Whatever was said in the team meeting seems to have worked for at least one game. But will the Celtics keep up this level of effort or revert back to the habits that led to the team meeting in the first place?
The hustle, effort and intensity the Celtics and their roster of nicknames-laden characters once played with didn’t need a label. Matt Moore labeled them the “try hard” team. Within, players rarely spoke on it and the media sparingly commented on it because, like reporters and the air in the locker room, it always hung around the team.
As I said earlier, there’s five months left in the season. There’s just so much time.— Hardwood Paroxysm (@HPbasketball) November 22, 2018
But the concern with Boston HAS to be rooted in how they’ve exceeded expectations with try-hard teams and now, with legit talent and a real chance at elite status, they’re struggling.
That changed, for reasons unexpected and difficult to explain. Lineups, cohesion, Gordon Hayward’s return and injuries challenged the Celtics. But for the first significant time in Stevens’ tenure, the team needed to slam the door on the media for a closed-door meeting following their third straight loss at the hands of the Bucks. Boston fell behind by over 20 in the first half, received boos from the fans and failed to pull within single digits.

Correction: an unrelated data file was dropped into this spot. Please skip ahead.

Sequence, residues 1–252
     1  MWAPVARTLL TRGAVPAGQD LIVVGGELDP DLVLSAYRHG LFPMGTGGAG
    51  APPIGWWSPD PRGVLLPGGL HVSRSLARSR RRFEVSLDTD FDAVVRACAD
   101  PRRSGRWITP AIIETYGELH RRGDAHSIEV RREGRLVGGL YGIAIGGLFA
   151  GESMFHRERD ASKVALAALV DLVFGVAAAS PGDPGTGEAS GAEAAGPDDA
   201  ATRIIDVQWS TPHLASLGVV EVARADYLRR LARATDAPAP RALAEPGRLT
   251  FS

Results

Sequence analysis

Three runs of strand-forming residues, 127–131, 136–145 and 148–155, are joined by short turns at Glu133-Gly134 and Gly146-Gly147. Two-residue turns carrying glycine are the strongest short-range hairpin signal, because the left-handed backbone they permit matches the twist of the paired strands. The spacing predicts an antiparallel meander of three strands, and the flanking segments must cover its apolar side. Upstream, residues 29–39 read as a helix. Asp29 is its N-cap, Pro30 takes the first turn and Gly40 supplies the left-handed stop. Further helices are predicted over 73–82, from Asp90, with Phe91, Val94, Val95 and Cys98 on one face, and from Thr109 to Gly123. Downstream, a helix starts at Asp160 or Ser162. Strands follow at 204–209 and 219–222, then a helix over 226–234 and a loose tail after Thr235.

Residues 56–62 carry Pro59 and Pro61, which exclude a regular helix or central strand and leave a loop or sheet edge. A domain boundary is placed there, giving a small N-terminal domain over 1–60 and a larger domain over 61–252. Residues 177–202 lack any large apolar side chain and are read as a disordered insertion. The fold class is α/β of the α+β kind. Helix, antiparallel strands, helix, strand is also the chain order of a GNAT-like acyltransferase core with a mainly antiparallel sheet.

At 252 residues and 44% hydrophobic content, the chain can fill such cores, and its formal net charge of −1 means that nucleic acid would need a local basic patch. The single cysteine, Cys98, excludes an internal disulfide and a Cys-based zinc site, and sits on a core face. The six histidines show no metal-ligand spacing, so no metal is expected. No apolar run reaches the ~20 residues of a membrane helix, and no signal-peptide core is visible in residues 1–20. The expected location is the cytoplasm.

No details leaked out of the meeting — Kyrie Irving said it’s none of our business — but we can probably extrapolate from what Irving said on just Wednesday. Marcus Smart tried several times to energize and challenge the team, including getting into his teammates in the huddle following several strolls to the rim for layups by Eric Bledsoe that elicited the boos in the second quarter on Friday. Boston woke up from that point on, but failed to win against Giannis Antetokounmpo’s 17-point third quarter.
The issue isn’t the three straight losses, the seeding drop the Celtics will likely suffer, or even Hayward’s ongoing slump that continued with a 3-for-13 performance. All three of those problems can work themselves out. It’s that the cycle of Irving and Smart calling for more urgency and hustle, and failing to inspire that effort, could be part of this group’s makeup.
“We just have to have consistency,” Irving said after losing to the Suns by eight. “A cohesion. Where the ball’s moving and guys actually want to see other players be in positions to score the basketball. That means delivering on time.”
To hear the Celtics themselves acknowledge that trying is among their array of problems is a monumental divergence from the past. Not only from the Isaiah Thomas teams. Last year’s roster mounted some of Stevens’ largest comebacks in both the regular season over the Rockets and the postseason against the 76ers.
They played some of the best defense in the NBA, with and without Irving. They grabbed the two seed without Hayward. They nearly made the NBA Finals. Most importantly, they skirted by expectations that turnover would cause cohesion issues. Those arrived one year late.